Chef Ellie Tiglao’s Tanám is putting Filipino food on the map in Boston

Chef Ellie Tiglao’s Tanám is putting Filipino food on the map in Boston

The pop-up restaurant has found a permanent home at Bow Market.

Ellie Tiglao’s foray into pop-up dining was borne out of an innate reaction: If you can’t find it, make it.

After moving from California to Boston for a career in neuroscience, Tiglao wasn’t satisfied with the Filipino food available in Boston, and missed the traditional dishes she relished as a child at her father’s restaurant. In August 2014, she launched Pamangan, a Filipino pop-up restaurant that, four years later, has morphed into her latest project: Tanám, which is scheduled to officially open to the public at Bow Market in February.

“It’s funny how a pop-up works,” Tiglao said. “It’s like exercising. You’re figuring out how much you can do with limited resources.”

The evenings are about more than pancit, fried pork belly, and sticky rice — they’re about a narrative experience, Tiglao explained. A central theme is incorporated into every dinner (a past pop-up topic, for example, centered around grandmothers), and tickets to an event include a zine and a take-home box filled with recipes and objects related to the theme. 

After experimenting with both the numbers of guests and dishes at her pop-ups, Tiglao has settled on an intimate figure of 10 guests at two seated dinners each night at the Bow Market space. Diners will eat together around a communal table, taking in four to six courses during each ticketed event.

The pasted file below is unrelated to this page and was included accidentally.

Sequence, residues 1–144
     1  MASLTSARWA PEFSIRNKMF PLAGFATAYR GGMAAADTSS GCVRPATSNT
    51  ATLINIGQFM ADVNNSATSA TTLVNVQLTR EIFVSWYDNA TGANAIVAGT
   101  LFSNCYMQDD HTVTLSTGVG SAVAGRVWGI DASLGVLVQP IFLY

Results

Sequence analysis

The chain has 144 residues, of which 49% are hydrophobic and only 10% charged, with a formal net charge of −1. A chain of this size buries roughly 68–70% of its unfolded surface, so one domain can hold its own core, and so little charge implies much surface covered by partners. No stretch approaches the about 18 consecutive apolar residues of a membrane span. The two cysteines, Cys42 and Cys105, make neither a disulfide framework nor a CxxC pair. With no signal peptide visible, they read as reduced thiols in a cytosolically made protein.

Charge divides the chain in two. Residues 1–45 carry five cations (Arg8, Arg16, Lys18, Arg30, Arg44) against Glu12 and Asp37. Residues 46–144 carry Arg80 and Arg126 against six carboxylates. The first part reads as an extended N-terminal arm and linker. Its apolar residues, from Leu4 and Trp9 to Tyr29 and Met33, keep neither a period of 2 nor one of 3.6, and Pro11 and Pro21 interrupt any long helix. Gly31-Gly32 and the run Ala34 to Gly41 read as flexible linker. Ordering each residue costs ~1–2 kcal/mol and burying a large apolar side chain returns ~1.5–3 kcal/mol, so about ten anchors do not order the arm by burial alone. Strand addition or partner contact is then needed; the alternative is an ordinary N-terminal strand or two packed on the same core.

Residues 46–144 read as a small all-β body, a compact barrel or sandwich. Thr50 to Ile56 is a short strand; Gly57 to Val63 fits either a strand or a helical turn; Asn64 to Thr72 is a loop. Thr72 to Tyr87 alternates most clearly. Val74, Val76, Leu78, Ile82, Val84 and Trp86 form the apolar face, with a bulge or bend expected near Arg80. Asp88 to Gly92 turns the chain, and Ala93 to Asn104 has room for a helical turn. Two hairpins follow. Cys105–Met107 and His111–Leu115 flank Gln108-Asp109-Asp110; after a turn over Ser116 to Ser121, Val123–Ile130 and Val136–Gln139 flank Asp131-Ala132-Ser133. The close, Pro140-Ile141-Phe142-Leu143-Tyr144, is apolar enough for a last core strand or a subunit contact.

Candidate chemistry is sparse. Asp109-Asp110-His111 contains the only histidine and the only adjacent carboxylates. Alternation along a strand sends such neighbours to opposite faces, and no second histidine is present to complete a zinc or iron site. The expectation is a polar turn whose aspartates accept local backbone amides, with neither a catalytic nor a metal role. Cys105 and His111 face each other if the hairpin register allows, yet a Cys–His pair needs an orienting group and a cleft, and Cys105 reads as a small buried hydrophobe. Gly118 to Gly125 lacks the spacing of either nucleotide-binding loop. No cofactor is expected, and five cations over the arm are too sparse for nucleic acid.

“I’m actually very introverted and shy,” Tiglao said. “This format has brought out the best in me, in terms of sharing stories.”

An outdoor bar is set to debut later this spring, serving Filipino bar snacks and cocktails.

The opening of Tanám is a victory for Filipino food in Boston, a cuisine that has taken off in other U.S. cities in the past few years but still hasn’t quite caught traction here. Tiglao said that while there isn’t a big Filipino chef community in Boston, the encouragement is there.

“A lot of people who have grown up here that are trying to bring Filipino food to the main stage are really supportive of each other,” she said. “But I really believe that once someone sees that it’s there, there’s a lot more interest in trying it. I’ve definitely heard someone say that a Halo Halo truck would be good, or a Filipino convenience store.” (Halo Halo is a traditional Filipino dessert made with shaved ice and evaporated milk).

By: Boston Globe

 


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